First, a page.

Mothers of the disappeared march in Mexico
On May 10, Mexico's Day of the Mother, thousands of mothers and other family members of the disappeared held a March for National Dignity in the capital, calling for action on their missing loved ones. The march, which filled the main avenues of Mexico City, was organized by a coalition made up of 60 regional collectives of survivors of the disappeared from around the country. In the days before the march, a group camped out outside the National Palace, demanding a dialogue on the matter with President Andrés Manuel López Obrador.
Mexico City: militant protest for reproductive rights
A march for abortion rights turned violent in Mexico City Sept. 27, as a group of women wearing ski-masks and armed with hammers clashed with police. Members of the Bloque Negro feminist collective joined the protest after departing from the headquarters of the National Human Rights Commission (CNDH), which they had been occupying for weeks and had turned into a shelter for victims of gender violence. With their path to the city's historic center blocked by riot police, some threw paint balloons and Molotov cocktails, and charged the police lines. Some of the women also bared their breasts, even as they wore goggles and helmets. Authorities said 11 police were injured in the confrontation. The demonstration was part of a Day for Decriminalization of Abortion in Latin America & the Caribbean on the eve of International Safe Abortion Day, Sept. 28. In Mexico, abortion is only legal in the Federal District and southern state of Oaxaca during the first 12 weeks of pregnancy. In the rest of the country, it is only permitted under limited circumstances, such as in the case of rape. (Mexico News Daily, Yucatan Times)
Mining opponent assassinated in Veracruz, Mexico
The office of the UN High Commissioner for Human Rights has condemned the assassination of Mexican environmental activist Adán Vez Lira, who was shot April 8 while riding his motorcycle in the municipality of Actopan, Veracruz. Vez Lira worked with the Veracruz Assembly for Environmental Defense Initiatives (LAVIDA) to oppose mining operations that threaten local water sources. Gold and silver exploitation by the Canadian-based Almaden Minerals and Candelaria Mining are encroaching on the borders of La Mancha Ecological Reserve and contaminating springs and wells in the villages of Actopan and Alto Lucero.
Mexico: double assassination of indigenous leaders
The Emiliano Zapata Popular and Indigenous Council of Guerrero (CIPOG-EZ) is calling upon the United Nations to investigate following the assassination of two leaders of the organization. The bodies of José Lucio Bartolo Faustino and Modesto Verales Sebastián were found May 5 in the town of Chilapa de Alvarez, where they had days earlier been abducted on a road by unknown gunmen. Both were leaders of the Nahua indigenous community in Chilapa municipality, had served as representatives to the National Indigenous Congress (CNI), and had promoted the 2017 presidential candidacy of María de Jesús Patricio Martínez, known as "Marichuy," a Nahua woman who won the support of both the CNI and Mexico's Zapatista rebels. Both were abducted when they were returning to their communities in outlying villages of Chilapa municipality from a meeting of indigenous leaders in the Guerrero state capital, Chilpancingo. (Enlace Zapatisa, Somos el Medio, Prensa Latina)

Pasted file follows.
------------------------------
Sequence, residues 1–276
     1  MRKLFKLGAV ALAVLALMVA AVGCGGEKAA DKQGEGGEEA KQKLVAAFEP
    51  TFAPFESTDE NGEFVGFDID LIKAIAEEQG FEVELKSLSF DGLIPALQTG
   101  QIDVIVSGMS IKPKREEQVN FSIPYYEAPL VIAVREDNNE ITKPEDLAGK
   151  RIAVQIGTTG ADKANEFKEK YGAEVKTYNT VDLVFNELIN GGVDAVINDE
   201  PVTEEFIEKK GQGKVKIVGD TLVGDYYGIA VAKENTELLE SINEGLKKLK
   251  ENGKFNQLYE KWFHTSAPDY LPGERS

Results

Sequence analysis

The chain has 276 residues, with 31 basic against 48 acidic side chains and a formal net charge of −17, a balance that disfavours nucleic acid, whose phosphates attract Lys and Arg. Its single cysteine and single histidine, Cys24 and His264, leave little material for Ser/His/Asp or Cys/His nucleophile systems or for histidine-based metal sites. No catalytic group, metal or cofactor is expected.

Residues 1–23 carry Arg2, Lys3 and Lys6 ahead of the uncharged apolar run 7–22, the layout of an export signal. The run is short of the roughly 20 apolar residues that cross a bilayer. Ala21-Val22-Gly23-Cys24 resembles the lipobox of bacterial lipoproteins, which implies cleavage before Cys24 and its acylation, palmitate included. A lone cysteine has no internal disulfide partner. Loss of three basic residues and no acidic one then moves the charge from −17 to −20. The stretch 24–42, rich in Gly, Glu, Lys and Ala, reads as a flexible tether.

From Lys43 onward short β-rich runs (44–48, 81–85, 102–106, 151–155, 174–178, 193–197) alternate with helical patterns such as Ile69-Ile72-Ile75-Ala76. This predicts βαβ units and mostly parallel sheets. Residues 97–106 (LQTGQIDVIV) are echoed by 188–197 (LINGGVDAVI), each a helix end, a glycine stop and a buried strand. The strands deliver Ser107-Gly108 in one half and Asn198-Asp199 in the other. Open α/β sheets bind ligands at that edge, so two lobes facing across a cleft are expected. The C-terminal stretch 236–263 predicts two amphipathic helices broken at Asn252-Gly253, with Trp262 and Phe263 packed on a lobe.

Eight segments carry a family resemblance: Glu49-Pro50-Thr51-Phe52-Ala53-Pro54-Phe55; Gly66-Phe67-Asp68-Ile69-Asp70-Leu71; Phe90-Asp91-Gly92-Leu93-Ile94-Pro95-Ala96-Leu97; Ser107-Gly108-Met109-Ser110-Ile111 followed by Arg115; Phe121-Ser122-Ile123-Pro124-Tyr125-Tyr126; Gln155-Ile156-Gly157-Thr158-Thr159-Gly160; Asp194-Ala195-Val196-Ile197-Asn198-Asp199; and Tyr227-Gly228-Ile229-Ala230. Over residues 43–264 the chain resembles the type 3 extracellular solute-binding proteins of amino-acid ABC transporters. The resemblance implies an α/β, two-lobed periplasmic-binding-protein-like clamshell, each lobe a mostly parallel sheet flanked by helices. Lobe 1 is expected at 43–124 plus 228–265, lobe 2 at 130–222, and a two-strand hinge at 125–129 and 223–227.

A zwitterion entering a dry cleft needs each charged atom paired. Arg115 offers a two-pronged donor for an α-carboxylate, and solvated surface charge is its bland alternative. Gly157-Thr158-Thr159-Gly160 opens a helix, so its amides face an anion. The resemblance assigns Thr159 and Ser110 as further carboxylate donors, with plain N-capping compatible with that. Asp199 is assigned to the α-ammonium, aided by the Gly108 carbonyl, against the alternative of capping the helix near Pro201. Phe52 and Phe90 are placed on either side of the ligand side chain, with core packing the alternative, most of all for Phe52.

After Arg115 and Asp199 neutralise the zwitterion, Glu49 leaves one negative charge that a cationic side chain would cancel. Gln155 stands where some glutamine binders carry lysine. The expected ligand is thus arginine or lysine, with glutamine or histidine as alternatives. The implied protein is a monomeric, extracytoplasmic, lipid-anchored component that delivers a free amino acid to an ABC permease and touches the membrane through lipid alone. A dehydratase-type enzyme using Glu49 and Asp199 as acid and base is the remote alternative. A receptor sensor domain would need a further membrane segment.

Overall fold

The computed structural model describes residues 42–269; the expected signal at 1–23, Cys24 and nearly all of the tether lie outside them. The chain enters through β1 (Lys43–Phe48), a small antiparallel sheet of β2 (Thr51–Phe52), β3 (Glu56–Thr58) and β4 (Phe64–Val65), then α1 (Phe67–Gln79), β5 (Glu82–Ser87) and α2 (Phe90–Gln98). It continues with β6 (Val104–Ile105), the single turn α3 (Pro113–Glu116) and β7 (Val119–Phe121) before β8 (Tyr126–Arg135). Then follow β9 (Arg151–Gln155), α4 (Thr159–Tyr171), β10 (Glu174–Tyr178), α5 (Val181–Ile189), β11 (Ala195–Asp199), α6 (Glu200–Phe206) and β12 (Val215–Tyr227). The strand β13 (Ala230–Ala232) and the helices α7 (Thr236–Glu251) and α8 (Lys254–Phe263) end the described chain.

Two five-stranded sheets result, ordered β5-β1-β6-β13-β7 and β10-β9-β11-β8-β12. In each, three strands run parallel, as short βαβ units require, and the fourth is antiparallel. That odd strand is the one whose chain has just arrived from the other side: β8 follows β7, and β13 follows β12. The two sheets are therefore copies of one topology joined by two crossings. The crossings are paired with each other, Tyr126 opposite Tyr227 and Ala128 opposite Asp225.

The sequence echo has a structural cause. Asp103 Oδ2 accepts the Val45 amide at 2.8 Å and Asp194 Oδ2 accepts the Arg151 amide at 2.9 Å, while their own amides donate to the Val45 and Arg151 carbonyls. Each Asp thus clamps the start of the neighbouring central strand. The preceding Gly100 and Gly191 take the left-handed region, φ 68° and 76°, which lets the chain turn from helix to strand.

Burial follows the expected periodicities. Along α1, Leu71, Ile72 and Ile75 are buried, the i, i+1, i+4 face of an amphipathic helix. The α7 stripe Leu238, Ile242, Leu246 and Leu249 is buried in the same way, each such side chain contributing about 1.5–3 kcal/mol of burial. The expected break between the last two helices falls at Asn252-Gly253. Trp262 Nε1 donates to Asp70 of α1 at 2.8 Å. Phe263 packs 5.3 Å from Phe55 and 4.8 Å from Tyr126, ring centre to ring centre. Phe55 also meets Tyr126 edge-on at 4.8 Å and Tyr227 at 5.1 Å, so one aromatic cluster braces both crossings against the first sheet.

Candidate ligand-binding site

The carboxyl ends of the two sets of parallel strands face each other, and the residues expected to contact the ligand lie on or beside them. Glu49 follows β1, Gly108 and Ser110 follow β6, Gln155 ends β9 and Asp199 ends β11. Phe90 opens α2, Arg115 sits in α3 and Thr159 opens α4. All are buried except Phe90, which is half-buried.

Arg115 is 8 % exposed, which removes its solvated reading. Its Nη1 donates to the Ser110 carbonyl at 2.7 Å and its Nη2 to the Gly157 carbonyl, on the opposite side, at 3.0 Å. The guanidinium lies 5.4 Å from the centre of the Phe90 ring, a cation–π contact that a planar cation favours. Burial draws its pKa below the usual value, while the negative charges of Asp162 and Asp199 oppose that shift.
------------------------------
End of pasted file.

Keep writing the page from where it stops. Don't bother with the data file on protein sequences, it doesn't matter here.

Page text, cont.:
Mexico remilitarizes drug enforcement
Despite his boast to have "ended" the drug war and pledge to explore cannabis legalization, Mexico's new populist president is seeking to create a special anti-drug "National Guard" drawing from the military and police forces. This plan is moving rapidly ahead—and the military is still being sent against campesino cannabis growers and small traffickers.
Mexico: AMLO declares drug war 'over' —but is it?
Two months into his term, Mexican President Andrés Manuel López Obrador declared an end to his country's "war on drugs," announcing that the army would no longer prioritize capturing cartel bosses. The new populist president made his declaration Jan. 30, at the end of his second month in office. He told gathered reporters at a press conference that the "guerra contra el narcotráfico," launched in 2006 by then-president Felipe Calderón, has come to and end. "Officially now, there is no war; we are going to prusue peace," he said.
Mexico: cartels kill another journalist
Yet another Mexican journalist was slain Aug. 22, as the cartels continue to exact vengeance on any who would dare to report on their reign of terror and corruption across much of the country. Cándido "Papuche" Ríos, who covered the nota roja (crime and police beat) for local newspaper Diario de Acayucan, was gunned down by unknown assailants along with two other men in the town of Hueyapan de Ocampo, Veracruz state. One of the other two men, with whom Ríos was talking outside a gas station, was a former municipal official.
Mexico: fugitive narco-governors snared
Javier Duarte, the fugitive ex-governor of Mexico's Veracruz state, was detained in Guatemala on April 15 in a joint operation by Interpol and Guatemalan police. He's now awaiting extradition back to Mexico, where he is wanted on charges of money laundering and protecting organized crime. Duarte was governor of Veracruz from 2010 until he stepped down last October, shortly before the end of his term. He was doing so in order to face the allegations against him—but then he disappeared and went on the lam.
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